The landscape of our whole society is doing this to young girls! It is not only social media. I walk through a mall today and am shocked by the images in retail store windows that portray unrealistic standards to lure women in for purchases. Boys are also fed a relentless stream of images and messaging that confuses their standards for genuine manhood.
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The greater problem is that our children (and I think many among the adult population too) are finding identity and definition from a host of wrong sources – not only the phone apps.
When my children were young, my wife and I put boundaries on their social media usage, including the number of selfies they could post in a designated amount of time. Does that seem overbearing? That’s our job as parents! But we also put boundaries on our own usage of social media.
We leveraged social media usage as training for our children who live in a society increasingly saturated with dangerous media images and messaging. Be aware! Be alert! All this media is not seeking to strengthen you but to manipulate you for their own ends! Rise above it because you are more than a like or a shared post.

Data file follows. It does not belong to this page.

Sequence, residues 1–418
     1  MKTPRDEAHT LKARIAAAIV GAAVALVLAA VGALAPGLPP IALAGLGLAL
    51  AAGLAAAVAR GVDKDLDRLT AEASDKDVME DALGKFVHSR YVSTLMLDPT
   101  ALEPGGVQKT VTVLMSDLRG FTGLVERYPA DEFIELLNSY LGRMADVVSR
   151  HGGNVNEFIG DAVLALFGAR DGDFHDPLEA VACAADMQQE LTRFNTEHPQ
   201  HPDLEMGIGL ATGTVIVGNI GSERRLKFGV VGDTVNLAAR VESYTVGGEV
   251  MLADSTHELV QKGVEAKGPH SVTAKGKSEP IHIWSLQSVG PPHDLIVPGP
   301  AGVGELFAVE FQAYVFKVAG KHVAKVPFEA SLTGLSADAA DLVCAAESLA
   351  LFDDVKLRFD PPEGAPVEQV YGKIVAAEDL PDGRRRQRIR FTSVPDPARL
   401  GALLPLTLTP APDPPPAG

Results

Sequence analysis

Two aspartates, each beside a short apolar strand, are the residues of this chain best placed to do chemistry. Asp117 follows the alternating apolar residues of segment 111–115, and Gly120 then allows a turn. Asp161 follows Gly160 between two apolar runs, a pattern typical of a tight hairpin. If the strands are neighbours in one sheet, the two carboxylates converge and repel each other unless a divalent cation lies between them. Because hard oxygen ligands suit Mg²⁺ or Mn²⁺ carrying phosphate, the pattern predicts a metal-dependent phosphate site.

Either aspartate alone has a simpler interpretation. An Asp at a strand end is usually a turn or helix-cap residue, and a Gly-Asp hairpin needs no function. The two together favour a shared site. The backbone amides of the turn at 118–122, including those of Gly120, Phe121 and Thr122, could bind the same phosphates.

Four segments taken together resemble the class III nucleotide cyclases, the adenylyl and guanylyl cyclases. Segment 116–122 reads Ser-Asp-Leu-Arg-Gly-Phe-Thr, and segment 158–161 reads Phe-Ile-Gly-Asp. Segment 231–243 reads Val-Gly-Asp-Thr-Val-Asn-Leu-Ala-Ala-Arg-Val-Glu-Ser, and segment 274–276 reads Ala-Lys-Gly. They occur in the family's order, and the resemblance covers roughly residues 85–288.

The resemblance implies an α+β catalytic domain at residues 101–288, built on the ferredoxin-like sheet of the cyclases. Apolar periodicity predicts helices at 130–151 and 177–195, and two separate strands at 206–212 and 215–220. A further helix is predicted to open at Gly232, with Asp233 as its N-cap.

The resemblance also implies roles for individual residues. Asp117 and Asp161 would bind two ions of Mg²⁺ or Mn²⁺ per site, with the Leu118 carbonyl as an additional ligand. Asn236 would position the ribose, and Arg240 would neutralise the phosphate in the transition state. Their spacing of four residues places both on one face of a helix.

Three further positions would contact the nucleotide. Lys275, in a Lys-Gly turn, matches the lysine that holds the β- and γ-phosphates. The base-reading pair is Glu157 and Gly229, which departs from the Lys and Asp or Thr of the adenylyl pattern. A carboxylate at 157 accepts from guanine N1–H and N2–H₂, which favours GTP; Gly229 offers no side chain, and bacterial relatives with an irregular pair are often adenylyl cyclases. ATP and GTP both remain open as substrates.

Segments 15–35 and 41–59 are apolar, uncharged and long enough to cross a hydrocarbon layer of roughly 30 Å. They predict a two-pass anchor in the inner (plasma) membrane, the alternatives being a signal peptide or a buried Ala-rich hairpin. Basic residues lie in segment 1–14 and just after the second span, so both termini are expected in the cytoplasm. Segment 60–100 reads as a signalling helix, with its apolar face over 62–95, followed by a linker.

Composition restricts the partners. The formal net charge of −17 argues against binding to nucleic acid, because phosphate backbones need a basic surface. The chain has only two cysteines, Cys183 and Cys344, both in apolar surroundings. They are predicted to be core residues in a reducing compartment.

As parents, we avoided the seduction that a quiet and distracted child meant a safe and happy child.
Is Facebook Evil?
Is Facebook evil? Of course, it’s evil! But the whole of our society is evil. They are not acting in your interests. They are all seeking a personal profit, not a moral or social good. This reality should not surprise us, and if it does, perhaps our views of reality need a more thorough testing.
I am not deleting my Facebook because Facebook is a tool. I use it. It does not use me. I have personal boundaries for Facebook. I veer away from the comments on posts. I don’t get my news from social media. I take frequent long breaks from the app if I find myself spending too much time on it (evidenced by increases in internal anxiety). Instagram makes me feel like I’m the most boring human on the planet, but I won’t be deleting it either. It is a tool for me. I am not a tool for it.
The world is a dark place. We need to remove ourselves from the fantasy that devices and platforms that offer us conveniences also seek our personal wellbeing. They aren’t. They won’t. And it’s not just Facebook.